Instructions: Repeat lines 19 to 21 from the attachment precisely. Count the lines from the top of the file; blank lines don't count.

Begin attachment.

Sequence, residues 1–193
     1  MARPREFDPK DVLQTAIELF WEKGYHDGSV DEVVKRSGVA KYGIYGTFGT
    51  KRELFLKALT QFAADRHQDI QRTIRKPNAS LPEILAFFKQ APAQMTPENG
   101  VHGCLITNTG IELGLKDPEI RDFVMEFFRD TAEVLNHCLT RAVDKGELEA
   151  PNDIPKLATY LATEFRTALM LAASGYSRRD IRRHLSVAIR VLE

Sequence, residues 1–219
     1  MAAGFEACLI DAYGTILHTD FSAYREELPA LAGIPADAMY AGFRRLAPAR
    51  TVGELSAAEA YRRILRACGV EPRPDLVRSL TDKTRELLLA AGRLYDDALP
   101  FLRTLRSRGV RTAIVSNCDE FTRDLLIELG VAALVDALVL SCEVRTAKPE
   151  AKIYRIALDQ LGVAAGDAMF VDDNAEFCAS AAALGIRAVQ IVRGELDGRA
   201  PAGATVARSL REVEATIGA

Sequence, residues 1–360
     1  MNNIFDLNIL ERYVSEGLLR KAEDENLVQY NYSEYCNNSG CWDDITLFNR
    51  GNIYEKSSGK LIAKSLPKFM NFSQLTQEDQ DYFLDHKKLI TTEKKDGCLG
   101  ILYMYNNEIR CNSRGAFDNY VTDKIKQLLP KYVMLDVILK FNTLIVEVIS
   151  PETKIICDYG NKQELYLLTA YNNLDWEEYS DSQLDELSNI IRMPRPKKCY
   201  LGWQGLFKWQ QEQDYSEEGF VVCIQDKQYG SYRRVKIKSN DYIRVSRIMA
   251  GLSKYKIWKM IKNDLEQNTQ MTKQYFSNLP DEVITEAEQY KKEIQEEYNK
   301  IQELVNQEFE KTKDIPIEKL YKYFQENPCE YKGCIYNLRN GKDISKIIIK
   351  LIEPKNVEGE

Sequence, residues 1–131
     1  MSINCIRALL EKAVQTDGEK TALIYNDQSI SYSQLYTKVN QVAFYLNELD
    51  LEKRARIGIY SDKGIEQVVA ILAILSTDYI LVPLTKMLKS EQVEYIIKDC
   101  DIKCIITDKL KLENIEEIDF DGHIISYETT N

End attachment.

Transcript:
   301  IQELVNQEFE KTKDIPIEKL YKYFQENPCE YKGCIYNLRN GKDISKIIIK
   351  LIEPKNVEGE

Sequence, residues 1–131